Some time ago I read an article that mentioned that it is possible for some ransomware to change the magic numbers of a file (that makes sense). However, the authors claimed that their method was better, because they calculated the entropy value of the file header and used that to distinguish between encrypted and benign files. However, the magic numbers are, as far as I know, part of the file header (so if they claim that ransomware can change the magic numbers, then it can also change the file header, right? So, why is this not a potential problem in their study?

In another study, this was mentioned:

However, since the header portion is only 8 bytes in size, the reliability of the data is not high. An intelligent ransomware can bypass the detection technique by not changing the 8-byte pattern.

They also state:

The trailer format section can most clearly distinguish between the normal encryption formats and ransomware-infected formats. The entropy value of 164 bytes of ASCII code was analyzed. The highest value of the entropy value of the normal file trailer format is lower than the smallest value of the trailer format entropy value of the ransomware infected file.

But in this case I wonder why the ransomware encrypts both the header and the trailer? I mean... it makes more sense to leave it intact (then the malicious software will not be detected), since it only contains metadata (the user cannot recover the file based on that metadata, so why would you encrypt it)?


1 Answer 1


...why the ransomware encrypts both the header and the trailer?...

Why not? What advantage would it have to not encrypting header and trailer vs. simply encrypting everything - like ransomware traditionally does. Specifically singling out header and footer only makes it more complex. Note that some newer ransomware encrypt only some parts to speed up encryption and/or confuse detection heuristics - but this does also not specifically spare headers and footers.

If there would be a significant disadvantage of encrypting header and footer, like some important security product detecting the malware based on this feature, then ransomware would surely adapt to avoid such detection. There is no technical reason which would make encrypting header and footer unavoidable.

  • Thank you Steffen for your response. "Why not?" Because in that case defence mechanisms that analyse the header/trailer of a file cannot detect malicious behaviour... Perhaps I should rephrase my question. What if a ransomware author knew I was using header/trailer analysis (to detect encryption)? Would he then choose not to encrypt the header/trailer (to remain undetected), or is that not an option for some reason?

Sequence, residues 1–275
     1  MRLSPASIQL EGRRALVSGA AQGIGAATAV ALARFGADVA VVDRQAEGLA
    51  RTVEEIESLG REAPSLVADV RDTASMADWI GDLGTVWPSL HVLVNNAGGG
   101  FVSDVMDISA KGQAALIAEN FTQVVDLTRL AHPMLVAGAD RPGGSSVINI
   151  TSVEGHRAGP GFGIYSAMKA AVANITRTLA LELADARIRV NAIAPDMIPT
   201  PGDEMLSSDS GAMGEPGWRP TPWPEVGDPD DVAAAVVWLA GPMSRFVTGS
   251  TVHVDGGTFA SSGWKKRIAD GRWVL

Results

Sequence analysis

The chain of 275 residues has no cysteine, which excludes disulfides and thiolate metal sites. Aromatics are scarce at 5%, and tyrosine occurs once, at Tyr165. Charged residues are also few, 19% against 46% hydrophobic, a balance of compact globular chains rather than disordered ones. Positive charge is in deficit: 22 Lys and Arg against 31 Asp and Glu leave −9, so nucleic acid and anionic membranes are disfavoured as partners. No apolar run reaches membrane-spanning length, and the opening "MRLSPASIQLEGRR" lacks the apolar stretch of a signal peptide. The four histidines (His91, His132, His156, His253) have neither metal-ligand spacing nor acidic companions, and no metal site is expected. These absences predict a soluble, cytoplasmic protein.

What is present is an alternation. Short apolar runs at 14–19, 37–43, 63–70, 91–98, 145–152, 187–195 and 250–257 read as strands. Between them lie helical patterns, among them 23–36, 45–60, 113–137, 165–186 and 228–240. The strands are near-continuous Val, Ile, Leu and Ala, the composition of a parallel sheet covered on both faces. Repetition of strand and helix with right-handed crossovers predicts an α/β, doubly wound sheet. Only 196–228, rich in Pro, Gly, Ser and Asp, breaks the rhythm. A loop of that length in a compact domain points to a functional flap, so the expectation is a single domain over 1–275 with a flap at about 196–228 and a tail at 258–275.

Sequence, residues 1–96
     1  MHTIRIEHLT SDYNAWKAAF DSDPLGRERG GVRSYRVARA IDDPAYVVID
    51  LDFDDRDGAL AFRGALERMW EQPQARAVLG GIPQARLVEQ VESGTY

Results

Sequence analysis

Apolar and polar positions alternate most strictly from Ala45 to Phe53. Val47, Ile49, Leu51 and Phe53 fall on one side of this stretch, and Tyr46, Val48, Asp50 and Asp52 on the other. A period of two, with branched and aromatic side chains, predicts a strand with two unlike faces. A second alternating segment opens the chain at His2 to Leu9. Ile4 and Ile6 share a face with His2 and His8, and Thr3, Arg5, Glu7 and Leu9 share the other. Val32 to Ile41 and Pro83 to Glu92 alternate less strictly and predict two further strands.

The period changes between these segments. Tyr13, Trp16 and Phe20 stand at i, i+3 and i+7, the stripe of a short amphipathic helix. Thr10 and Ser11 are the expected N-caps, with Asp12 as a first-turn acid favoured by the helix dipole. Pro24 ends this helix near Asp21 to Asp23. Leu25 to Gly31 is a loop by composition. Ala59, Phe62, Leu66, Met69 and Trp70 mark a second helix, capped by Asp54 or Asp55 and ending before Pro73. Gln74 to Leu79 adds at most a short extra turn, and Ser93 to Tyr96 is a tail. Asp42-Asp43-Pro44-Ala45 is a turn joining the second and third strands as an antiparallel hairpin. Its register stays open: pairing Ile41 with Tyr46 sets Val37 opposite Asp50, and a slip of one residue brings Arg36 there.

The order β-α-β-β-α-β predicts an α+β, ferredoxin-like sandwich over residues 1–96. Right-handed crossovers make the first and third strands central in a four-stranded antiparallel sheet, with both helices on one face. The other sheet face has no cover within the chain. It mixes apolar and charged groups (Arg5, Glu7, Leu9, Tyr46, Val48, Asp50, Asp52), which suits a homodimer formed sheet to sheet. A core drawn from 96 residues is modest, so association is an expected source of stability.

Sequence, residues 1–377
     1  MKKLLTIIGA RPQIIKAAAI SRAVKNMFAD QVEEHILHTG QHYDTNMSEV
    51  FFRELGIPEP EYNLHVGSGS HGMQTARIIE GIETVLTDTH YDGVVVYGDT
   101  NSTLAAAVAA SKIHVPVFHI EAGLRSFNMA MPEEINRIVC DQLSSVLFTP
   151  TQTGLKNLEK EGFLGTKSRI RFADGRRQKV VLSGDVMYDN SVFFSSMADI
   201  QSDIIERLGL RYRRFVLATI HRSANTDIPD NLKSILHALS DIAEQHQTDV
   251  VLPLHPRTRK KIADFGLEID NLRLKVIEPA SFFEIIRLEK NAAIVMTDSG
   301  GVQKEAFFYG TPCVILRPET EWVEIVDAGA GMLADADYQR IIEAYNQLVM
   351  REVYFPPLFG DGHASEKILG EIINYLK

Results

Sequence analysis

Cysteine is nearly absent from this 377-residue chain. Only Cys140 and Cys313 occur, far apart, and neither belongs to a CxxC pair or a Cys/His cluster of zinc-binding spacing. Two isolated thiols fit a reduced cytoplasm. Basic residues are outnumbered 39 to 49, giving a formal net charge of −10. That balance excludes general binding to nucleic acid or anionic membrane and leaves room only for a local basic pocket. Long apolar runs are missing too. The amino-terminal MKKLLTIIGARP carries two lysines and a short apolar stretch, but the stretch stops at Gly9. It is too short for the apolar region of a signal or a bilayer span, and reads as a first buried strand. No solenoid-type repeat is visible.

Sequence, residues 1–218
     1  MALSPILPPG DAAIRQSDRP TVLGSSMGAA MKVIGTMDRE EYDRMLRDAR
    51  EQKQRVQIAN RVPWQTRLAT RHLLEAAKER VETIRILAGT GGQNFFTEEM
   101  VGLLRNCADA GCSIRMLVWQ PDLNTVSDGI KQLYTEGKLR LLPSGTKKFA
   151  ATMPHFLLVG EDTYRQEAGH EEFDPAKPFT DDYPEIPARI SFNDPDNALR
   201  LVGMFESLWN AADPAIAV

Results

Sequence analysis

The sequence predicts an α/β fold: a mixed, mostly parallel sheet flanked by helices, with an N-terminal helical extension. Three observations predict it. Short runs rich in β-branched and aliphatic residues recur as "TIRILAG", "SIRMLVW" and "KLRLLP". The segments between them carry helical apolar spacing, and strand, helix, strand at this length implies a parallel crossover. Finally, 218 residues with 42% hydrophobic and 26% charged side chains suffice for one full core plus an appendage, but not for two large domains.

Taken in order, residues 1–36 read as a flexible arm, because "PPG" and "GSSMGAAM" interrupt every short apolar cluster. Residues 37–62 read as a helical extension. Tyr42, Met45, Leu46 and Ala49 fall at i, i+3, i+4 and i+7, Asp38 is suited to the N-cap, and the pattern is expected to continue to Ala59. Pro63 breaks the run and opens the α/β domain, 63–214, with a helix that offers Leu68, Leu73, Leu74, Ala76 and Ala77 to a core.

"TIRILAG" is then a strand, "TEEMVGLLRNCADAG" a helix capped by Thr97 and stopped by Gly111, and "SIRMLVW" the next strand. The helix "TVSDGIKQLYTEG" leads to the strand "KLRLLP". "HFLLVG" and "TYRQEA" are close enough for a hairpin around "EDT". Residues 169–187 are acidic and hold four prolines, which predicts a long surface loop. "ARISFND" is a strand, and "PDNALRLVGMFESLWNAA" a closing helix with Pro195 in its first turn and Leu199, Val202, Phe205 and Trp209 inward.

– Moooz
    Oct 2, 2022 at 20:47
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    @Moooz: that would be a significantly different question and thus should be asked as a new one. Don't make your question a moving target, especially if answers already exist. Oct 2, 2022 at 21:08
  • "especially if answers already exist" I couldn't find them, and I read a lot of papers, so if you know where to find the answers, please let me know.
    – Moooz
    Oct 2, 2022 at 21:15
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    @Moooz: You might noticed that I've answered your original question. Even if you did not accept the answer - it is still an answer and changing the question would not be the expected action since the answer would no longer fit the question. But to answer "Would he then choose not to encrypt the header/trailer (to remain undetected), or is that not an option for some reason?" - attackers adapt and there is no significant technical obstacle to encrypt header and footer - it is just simpler to encrypt everything. Oct 2, 2022 at 21:24
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    Well, you have answered my question with "Why not?" Congratulations, what a brilliant answer. It's easier to encrypt the whole file, than just the body.. yeah no shit... Anyway, thanks for your "help". You asked for the link, did you read the paper? No, obviously not, because in such a case your response would be much better than such a general, meaningless answer.
    – Moooz
    Oct 2, 2022 at 21:39

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